Revelstoke native Aaron Volpatti of the Vancouver Canucks will be at the Revelstoke Forum on Saturday

Revelstoke hockey hero Aaron Volpatti coming home to support minor hockey

Aaron Volpatti of the Vancouver Canucks will be in his hometown of Revelstoke on Saturday to sign autographs in support of minor hockey.

It’s been a season of ups and downs for Aaron Volpatti, the Revelstoke native who surprised many when he made the Vancouver Canucks out of training camp this fall.

First, he made headlines in training camp with a one-punch knockout of Brad Winchester in an exhibition game. Then he managed to secure himself a spot on the Canucks’ fourth line to start the regular season.

He made a name for himself on the team with his hard hitting and fighting ability. He didn’t show up on the score sheet – except in the penalty minute column – until he fired home his only goal of the season in a game against the Nashville Predators. Ironically, he was expected to sit out that game due to the return of winger Mason Raymond, but a clerical error meant he stayed in the line-up.

Two days after the goal, he got the not-so-surprising news that a shoulder injury that had been bothering him for more than a month would require season-ending surgery.

While he’s in re-hab, Volpatti will be taking the time to visit Revelstoke to sign autographs this Saturday, Feb. 25, from 12-3 p.m. at the Revelstoke Forum. The Times Review touched based with the 6-foot, 215-pound winger, to talk about his season and his time playing minor hockey in Revelstoke.

What has the season been like for you?

“I felt I had a strong camp and was glad I made the roster. There were a little bit of ups and downs at the beginning but I found I was able to reach my stride and be comfortable. I was dealing with this injury for quite a while and eventually it was to the point where I had to get it checked out. It was just a constant thing and it was unfortunate when I got that news.”

How has it been different compared to your call-up last year?

“For me it was a confidence thing. I felt a lot better this year. Last year was pretty nerve-wracking the first game… This year I found I was making plays and the confidence was a lot better.”

When you made the team coach Alain Vigneault said your job wasn’t secure. Was that on your mind at all?

“It’s not really something I worry about. It’s in the back of your mind sometime but it’s good. You have to earn your job every day and you have to get better every day – that’s what the team stresses. That’s what you focus on day-by-day.”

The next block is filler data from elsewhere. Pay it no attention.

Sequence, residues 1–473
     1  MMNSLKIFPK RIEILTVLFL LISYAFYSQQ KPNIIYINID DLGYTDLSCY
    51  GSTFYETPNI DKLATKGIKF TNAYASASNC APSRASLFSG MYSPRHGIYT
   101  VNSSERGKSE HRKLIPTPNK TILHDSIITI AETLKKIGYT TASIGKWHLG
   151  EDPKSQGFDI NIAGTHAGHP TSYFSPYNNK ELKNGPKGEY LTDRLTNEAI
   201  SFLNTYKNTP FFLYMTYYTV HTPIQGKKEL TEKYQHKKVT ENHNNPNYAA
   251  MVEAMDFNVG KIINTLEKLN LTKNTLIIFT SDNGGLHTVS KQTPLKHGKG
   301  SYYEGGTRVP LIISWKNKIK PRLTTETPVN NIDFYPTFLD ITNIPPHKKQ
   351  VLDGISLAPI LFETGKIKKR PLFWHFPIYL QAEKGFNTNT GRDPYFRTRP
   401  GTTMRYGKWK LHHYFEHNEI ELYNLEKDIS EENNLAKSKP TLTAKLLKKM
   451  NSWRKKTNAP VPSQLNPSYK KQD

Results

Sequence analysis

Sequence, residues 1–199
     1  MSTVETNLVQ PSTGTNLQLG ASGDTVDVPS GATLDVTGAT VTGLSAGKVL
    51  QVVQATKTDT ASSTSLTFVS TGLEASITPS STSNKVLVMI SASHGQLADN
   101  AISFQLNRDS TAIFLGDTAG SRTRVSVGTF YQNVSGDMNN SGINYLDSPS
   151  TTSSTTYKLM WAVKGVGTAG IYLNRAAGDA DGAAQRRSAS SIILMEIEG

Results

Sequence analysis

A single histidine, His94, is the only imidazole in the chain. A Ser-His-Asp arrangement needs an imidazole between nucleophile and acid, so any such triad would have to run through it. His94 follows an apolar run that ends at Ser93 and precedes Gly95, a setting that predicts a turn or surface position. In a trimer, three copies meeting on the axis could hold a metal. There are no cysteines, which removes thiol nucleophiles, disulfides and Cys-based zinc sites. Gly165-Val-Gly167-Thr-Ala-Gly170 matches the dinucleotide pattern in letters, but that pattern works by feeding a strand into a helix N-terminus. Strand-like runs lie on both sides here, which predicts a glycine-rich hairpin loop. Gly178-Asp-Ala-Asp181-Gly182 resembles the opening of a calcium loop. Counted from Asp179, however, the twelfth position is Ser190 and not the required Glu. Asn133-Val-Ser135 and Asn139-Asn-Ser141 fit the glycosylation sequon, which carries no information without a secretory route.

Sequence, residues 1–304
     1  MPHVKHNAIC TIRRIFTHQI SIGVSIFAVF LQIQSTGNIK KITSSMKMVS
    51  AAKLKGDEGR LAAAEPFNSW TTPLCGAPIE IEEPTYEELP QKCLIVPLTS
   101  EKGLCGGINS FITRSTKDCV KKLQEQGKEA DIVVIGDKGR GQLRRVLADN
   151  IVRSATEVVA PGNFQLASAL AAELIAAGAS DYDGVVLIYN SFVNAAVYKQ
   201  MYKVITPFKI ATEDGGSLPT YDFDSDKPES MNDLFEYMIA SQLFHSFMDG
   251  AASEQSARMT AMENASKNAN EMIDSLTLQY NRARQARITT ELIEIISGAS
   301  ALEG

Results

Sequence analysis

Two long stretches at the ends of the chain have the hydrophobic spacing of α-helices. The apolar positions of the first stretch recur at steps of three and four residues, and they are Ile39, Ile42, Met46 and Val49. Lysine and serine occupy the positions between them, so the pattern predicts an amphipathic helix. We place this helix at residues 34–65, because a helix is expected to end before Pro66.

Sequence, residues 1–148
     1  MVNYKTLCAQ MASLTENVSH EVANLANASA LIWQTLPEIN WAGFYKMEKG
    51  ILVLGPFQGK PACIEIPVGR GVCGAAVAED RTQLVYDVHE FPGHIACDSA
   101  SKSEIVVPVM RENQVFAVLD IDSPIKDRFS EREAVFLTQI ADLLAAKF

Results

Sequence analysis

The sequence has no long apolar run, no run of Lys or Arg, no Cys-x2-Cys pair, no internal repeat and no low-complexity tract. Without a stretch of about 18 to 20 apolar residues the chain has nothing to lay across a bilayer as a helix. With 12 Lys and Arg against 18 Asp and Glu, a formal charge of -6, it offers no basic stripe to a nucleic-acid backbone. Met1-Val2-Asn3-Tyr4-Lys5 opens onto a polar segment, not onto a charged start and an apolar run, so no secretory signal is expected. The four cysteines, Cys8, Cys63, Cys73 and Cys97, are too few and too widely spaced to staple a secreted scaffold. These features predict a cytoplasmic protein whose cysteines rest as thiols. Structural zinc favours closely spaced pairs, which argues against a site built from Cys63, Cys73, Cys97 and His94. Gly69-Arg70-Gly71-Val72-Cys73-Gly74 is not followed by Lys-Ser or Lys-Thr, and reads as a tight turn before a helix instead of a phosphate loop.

How do you feel about your role as a fighter?

“I don’t really see myself as a fighter. More I’m a deterrent for some guys. I don’t watch videos on YouTube of who I might fight the next game. I just worry about going out and playing. Most of my fights, they’ll just happen. Sometimes you have to do things to keep your job and sometimes that might include that.”

Don’t you worry about concussions when you fight?

“No, not me personally. I don’t really worry too much about it. I’ve been pretty lucky with concussions. It’s in the back of your head a little bit, but its not something I worry about too much.”

How did Revelstoke Minor Hockey help in your development as a player?

“I played for over 10 years in Revelstoke. It’s been a major part in my development. A lot of good friends and stuff like that. There were a few years we almost didn’t have enough guys to make a rep team. It’s tough. It’s funny the way things work out in small towns. Obviously it was great growing up in Revelstoke, I loved it. It will be good to go back and revisit it.”

What advice would you give to kids aspiring to make the NHL?

“I guess it depends on how old they are. Some kids, eight, nine, 10-years-old – if they ask you what they have to do, at that age I just tell them, ‘Don’t worry about it.’ You can dream that but I think you just have fun when you’re a kid.

I think you have to be a kid too. For me that was a big thing. I did summer hockey a couple of years but for the most part I was involved in other sports and I liked being a kid too.

I think that’s pretty important until you hit your teens and you’re thinking about where to play junior. Then you can look at working out and training.”

 

 

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